How to grow your own tiny forest
By Kara Newman on April 27, 2020 in News + Updates
When you look at a row of empty parking spots, what do you see?
Many of us would see it for what it is — a place that could be filled with cars and trucks.
But to eco-engineer Shubhendu Sharma, it’s a space to be planted with trees and turned into a compact yet mighty forest.
What’s more, he believes these tiny forests can thrive anywhere, including our most crowded and polluted cities where they can help maintain clean air and water and provide habitat for animals and insects. “A forest is not an isolated piece of land where animals live together,” says Sharma, a TED Fellow. “A forest can be an integral part of our urban existence.”
Most of us know just how essential trees are to our health and to the planet’s. Yet millions of hectares of forest are cleared every year due to farming, ranching, logging and construction, making deforestation one of the biggest contributors to greenhouse gas emissions. The World Wildlife Foundation estimates that 20 percent of the Amazon rainforest and surrounding ecosystems have already been lost, threatening a vital carbon sink, and Brazilian president Jair Bolsinaro is opening up previously protected parts to commercial development.
Inspired by the work of Japanese scientist Akira Miyawaki, Sharma built a forest in the backyard of his family’s home in northern India in 2010. An industrial engineer at the time, he planted 224 spindly young trees and shrubs In the 75-square-meter (or 807-square-foot) plot. They grew and flourished, and a dozen species of birds came to check them out. The plantings created welcome shade, and their roots were able to absorb even the abundant monsoon rains. After a year, he had his own forest.
Since then, Sharma has founded a company called Afforestt. Its top priority is to bring back natural forests to places where they no longer exist. This means restoring stable ecosystems of plants and animals that used to exist in these spaces. Such systems ordinarily take hundreds of years to evolve, grow and mature together, but Sharma believes it’s possible to do this in as little as 10 years — and he has plenty of examples to prove it. He’s shown you can take a space the size of six or seven parking spots — and create a lush, verdant forest with over 100 trees and shrubs. So far, Afforestt has planted 144 forests in 45 cities around the world.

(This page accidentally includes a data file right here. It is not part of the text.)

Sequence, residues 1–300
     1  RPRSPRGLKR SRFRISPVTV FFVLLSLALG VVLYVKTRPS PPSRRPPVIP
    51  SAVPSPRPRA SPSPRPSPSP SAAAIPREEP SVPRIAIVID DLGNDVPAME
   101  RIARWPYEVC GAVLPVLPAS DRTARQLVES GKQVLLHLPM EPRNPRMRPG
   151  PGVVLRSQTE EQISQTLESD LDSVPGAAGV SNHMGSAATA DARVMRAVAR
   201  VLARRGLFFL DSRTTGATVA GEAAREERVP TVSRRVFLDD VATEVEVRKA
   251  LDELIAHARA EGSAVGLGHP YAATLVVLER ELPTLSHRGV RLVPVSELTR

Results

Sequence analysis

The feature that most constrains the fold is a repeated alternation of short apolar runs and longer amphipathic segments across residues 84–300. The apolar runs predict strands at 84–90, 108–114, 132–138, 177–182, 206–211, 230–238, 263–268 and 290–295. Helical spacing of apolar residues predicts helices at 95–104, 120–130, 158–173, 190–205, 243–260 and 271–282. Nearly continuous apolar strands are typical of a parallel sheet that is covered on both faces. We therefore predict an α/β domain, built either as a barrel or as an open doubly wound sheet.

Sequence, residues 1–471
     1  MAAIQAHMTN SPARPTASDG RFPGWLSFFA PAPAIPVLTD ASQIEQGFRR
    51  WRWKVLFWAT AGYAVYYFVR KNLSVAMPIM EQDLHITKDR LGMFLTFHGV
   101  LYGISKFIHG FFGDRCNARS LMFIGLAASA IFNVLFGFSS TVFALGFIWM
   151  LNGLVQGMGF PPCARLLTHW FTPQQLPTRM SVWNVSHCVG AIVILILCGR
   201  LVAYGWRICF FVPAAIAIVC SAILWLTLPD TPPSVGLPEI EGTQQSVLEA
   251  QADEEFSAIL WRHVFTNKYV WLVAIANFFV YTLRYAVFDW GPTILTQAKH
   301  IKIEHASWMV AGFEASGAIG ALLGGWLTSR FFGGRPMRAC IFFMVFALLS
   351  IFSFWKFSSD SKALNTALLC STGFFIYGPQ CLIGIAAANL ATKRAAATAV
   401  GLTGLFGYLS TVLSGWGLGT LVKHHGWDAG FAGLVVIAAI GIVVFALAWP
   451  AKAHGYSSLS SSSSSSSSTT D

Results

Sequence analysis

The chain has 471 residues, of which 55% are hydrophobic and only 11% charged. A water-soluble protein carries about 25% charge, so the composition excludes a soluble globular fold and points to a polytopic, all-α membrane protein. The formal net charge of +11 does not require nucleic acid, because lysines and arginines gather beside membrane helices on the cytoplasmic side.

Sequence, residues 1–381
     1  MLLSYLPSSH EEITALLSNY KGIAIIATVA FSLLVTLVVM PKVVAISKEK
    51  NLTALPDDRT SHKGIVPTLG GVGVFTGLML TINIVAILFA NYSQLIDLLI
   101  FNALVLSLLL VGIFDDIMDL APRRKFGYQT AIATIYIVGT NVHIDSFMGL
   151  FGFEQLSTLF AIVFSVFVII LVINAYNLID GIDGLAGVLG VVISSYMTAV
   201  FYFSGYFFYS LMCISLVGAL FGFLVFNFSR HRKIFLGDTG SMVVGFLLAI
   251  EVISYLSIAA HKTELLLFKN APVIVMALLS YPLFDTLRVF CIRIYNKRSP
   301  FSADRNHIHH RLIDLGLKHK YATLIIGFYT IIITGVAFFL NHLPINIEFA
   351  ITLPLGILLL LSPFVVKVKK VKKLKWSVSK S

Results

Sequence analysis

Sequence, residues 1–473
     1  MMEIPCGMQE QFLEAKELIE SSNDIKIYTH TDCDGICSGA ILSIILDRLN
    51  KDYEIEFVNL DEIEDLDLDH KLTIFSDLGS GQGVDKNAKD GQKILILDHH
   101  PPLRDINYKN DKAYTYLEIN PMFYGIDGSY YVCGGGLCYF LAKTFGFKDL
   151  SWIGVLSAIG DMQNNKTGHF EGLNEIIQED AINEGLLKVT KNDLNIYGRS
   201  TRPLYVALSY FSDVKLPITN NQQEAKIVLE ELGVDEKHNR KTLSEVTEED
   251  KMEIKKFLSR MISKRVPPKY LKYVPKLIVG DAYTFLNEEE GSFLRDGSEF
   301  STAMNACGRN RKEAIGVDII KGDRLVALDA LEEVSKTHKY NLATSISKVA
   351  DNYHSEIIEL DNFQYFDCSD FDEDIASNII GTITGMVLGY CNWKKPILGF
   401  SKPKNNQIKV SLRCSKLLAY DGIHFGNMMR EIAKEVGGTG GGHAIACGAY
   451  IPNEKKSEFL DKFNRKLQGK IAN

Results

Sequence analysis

So, how do you build a complete forest ASAP? By aiming for two things: Density and planting native species.
In terms of achieving density, it’s all about filling a space with trees and shrubs of varying heights. “By making a multi-layered forest, we can fill up an entire vertical space with greenery,” Sharma says. “That way, we can have 30 times more green surface area compared to a lawn or a garden in the same area.” A tiny forest provides a long-term, cost-effective alternative to a traditional lawn. Not only are trees beautiful and great at taking in carbon dioxide, they act as an effective noise buffer and a sponge for air pollution and particulate matter.
Planting trees that are native to your region has specific benefits. Since they’re already adapted to the climate, they require significantly less maintenance than many other non-native species. Native trees also create a welcoming environment for the indigenous wildlife — birds and insects — to thrive. Early studies indicate that these dense forests may actually be able to restore biodiversity at levels comparable to natural forests.
Ready to create your own tiny forest?
Shubhendu Sharma breaks it down into 5 steps:
1. Identify your native species
When beginning a project, Sharma and his team first go to the nearest national park, protected grove, or nature reserve to search for patches of conserved forest. Paying close attention to the number and types of trees in a natural ecosystem will allow you to build your own, he says — for instance, noting the relative proportion of native species will give you an idea of how many to plant. “If you can, collect the seeds, germinate seedlings out of them; that’s the start of the physical work,” he says. (Editor’s note: This is not legal in some places, so please check first.)
If you can’t collect seeds or aren’t legally permitted to do so, you can also ask someone knowledgeable at a local nursery, garden, or agricultural or county extension agent to recommend native species to plant.
2. Nurture the soil
Healthy soil is the basis of a healthy forest. “Find different types of biomass, or organic matter, that can make your soil moist, full of nutrition, and so soft that roots can penetrate into it easily,” Sharma says. His team often uses coco-peat (also known as coco coir; it’s the fibrous husks from the outer layer of a coconut) because it’s highly absorbent and improves water retention in dry soil.
“To loosen up compacted soil, we use pear tree husk or any biomass, which is crunchy in nature,” Sharma elaborates. Peanut shells are OK too. He adds, “It has to have a spring-like property. When you crush it, it should come back to its original shape.” These characteristics are important to help support the roots of your trees.